Roger, Rafa dominance over

WIMBLEDON, England -- In moments of crisis, there is always a tendency to rush to judgment. It's human nature to want to make sense amid the nonsense, to discover and describe a context where perhaps none yet exists.

Roger Federer and Rafael Nadal are the reigning Wimbledon and French Open champions; they have won nine of the past 10 championships at the All England Club. They already rank as two of the greatest tennis players ever, but -- and there is no gentle way to say this -- their days as the sport's dominant duo are over.

It is not unreasonable to presume neither will win another Wimbledon championship.

There was a cruel symmetry underlining their stunning departures:

Nadal, who had reached five finals in his past six appearances here, lost Monday in straight sets to Steve Darcis, the No. 135-ranked player in the world. Federer, who made eight of the past 10 finals, fell Wednesday to No. 116-ranked Sergiy Stakhovsky in four.

Federer and Nadal have played in the same Grand Slam on 35 occasions. This was the first time they both failed to reach the second week.

They are mortal now, for different reasons.

Nadal has a chronically tender patellar tendon in his left knee. Grass will always be the toughest surface for that fragile collection of collagen tissue. He recently turned 27, but there is a dog-years quality to that number. The physicality of his game, the torque of his forehand, the miles he's logged running on clay, have left Rafa in a battered state. He missed seven months after crashing out in the second round here a year ago. And then, while winning all seven of his matches in Paris, there was a relapse. On Tuesday, he attended a Julio Iglesias concert in Barcelona, but no one really knows how long this sabbatical will last.

"Not very late," Nadal said, trying to say that he didn't think he'd be out again for seven months. "Not that late, for sure."

Federer, in terms of tennis, is simply old. He suffers from an occasionally balky back and will turn 32 in August. He won his 17th Grand Slam singles title here a year ago, one month before his 31st birthday. Pete Sampras won his 14th and final major, the 2002 US Open, one month after his 31st birthday. For those Fed fanatics hoping for one more Slam title, it doesn't look good. The grass at Wimbledon remains the surface best suited to his diverse game, but against Stakhovsky, he was unable to knock down a pair of forehands that might have changed the pivotal third set.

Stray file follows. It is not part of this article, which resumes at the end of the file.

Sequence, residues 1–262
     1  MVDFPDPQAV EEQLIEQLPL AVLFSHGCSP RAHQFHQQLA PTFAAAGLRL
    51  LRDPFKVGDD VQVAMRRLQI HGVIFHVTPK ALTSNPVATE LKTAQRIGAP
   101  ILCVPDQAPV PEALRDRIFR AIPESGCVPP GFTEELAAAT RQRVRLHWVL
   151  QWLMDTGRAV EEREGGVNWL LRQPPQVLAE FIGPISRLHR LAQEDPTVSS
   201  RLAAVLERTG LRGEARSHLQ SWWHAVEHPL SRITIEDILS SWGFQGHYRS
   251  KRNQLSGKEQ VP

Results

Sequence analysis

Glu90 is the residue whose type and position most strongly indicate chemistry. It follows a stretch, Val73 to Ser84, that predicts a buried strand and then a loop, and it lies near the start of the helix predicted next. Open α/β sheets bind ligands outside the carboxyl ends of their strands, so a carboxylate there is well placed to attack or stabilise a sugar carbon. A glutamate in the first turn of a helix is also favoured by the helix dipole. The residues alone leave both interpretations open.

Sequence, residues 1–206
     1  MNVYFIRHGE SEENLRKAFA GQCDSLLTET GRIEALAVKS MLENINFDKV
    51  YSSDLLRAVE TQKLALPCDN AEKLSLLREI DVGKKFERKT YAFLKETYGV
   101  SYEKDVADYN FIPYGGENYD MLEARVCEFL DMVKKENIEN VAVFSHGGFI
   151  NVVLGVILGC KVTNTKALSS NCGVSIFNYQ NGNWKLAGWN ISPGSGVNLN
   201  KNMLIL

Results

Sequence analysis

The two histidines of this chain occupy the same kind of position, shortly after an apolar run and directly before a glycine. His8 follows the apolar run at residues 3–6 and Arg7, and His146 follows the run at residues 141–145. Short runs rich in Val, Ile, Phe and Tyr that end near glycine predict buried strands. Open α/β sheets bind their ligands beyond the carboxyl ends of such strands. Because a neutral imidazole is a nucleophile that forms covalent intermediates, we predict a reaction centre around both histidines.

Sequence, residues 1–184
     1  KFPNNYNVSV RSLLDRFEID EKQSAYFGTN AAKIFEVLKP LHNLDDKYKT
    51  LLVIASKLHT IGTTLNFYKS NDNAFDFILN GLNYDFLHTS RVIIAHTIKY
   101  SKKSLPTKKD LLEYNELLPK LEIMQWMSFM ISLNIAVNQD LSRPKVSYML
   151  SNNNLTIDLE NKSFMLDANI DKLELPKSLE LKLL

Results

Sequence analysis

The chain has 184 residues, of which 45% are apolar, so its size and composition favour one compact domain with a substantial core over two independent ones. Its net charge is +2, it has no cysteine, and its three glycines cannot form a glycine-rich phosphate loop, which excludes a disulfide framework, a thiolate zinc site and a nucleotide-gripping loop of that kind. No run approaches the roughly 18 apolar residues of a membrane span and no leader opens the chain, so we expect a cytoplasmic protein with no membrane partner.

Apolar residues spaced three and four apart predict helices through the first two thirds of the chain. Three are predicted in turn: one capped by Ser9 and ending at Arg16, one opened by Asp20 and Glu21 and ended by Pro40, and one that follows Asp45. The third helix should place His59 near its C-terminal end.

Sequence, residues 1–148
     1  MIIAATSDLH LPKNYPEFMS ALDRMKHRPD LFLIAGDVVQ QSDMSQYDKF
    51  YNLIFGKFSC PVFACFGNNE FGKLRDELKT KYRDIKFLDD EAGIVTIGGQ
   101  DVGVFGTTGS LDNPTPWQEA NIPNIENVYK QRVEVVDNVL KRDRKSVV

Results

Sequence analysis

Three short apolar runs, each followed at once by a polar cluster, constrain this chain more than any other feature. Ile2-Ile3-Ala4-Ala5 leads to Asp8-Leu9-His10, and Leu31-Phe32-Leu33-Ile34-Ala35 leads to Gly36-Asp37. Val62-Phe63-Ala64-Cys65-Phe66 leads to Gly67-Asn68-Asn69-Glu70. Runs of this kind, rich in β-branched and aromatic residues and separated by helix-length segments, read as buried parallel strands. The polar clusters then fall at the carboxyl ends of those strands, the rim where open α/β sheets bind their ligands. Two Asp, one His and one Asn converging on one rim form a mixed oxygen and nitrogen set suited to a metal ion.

"I thought I had my opportunities, had the foot in the door," Federer said. "When I had the chance, I couldn't do it. It's very frustrating, very disappointing."

Yes, Andre Agassi won the Australian Open at the age of 32. Indeed, Tommy Haas is playing some terrific tennis at the age of 35. But both of them missed significant portions of several seasons over the years. As a result, they both had physical and emotional reserves that Federer -- with the draining effort of reaching a record 36 consecutive major quarterfinals -- already may have exhausted. In retrospect, one suspects, history will show his last, Sampras-like push occurred here a year ago.

"I'm going to accept it and move forward from here," Federer said. "I have no choice. Looking forward to the challenge what's ahead now."

What's ahead is a lot of Novak Djokovic-Andy Murray finals.

Succession comes swiftly at the highest levels of sport. Just as Nadal pursued Federer and eventually surpassed him, Djokovic and Murray are now the ruling establishment. They are the two top seeds here, and six of ESPN's 11 experts picked Djokovic to win the title, with three going for Murray. Their dominance will make it even more difficult for Roger and Rafa to win more majors.

It's been only 18 days since Nadal won his eighth French Open title, but it feels like months. After Wimbledon, he actually will move up to No. 4 in the rankings. That's because Federer will fall to No. 5; the previous time he was that low was exactly a decade ago.

So let's do the math: If Federer fails to win another major, he'll still have the all-time record of 17. Say, for the sake of argument, that Nadal manages to win another title or two at Roland Garros (where he will concentrate most of his energies) and perhaps even the Australian Open. If he can win three, that would give him 15, one ahead of Sampras.

That would, fittingly, make them Nos. 1 and 2 on the all-time list. That they could do this playing in the same era feels remarkable. That is how dominant they were.

Were, the past tense.